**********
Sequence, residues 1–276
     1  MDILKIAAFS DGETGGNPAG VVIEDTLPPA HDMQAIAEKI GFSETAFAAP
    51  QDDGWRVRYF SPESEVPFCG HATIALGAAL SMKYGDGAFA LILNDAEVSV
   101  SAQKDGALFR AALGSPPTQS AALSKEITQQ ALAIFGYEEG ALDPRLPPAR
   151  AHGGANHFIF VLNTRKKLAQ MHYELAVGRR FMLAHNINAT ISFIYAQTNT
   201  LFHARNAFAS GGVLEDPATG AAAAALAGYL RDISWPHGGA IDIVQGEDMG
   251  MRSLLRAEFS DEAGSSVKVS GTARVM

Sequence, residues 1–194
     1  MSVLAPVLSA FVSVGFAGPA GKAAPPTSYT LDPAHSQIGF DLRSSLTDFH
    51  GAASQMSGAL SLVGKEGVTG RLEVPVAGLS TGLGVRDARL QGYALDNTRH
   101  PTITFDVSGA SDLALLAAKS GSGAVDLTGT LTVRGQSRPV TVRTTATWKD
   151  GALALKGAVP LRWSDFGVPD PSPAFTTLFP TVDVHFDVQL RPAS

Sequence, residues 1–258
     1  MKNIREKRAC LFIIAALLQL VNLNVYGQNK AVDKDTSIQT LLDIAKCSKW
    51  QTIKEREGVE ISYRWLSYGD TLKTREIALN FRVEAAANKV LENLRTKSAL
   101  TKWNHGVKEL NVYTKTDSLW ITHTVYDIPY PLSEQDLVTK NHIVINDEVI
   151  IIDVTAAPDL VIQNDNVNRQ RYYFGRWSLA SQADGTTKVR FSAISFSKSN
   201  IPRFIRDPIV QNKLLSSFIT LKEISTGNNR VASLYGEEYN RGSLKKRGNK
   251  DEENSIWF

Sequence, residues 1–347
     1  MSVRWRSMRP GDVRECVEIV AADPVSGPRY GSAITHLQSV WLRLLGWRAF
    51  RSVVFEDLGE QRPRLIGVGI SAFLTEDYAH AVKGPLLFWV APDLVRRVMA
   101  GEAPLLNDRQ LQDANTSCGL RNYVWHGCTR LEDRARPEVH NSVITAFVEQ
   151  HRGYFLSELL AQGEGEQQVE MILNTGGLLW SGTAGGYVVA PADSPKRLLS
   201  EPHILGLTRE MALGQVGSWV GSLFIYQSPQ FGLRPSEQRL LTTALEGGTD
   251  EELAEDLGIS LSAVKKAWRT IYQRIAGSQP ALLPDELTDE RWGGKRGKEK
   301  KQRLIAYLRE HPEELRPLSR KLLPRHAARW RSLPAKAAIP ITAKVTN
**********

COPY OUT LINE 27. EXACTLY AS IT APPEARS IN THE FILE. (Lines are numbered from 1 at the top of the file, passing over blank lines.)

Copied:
   301  KQRLIAYLRE HPEELRPLSR KLLPRHAARW RSLPAKAAIP ITAKVTN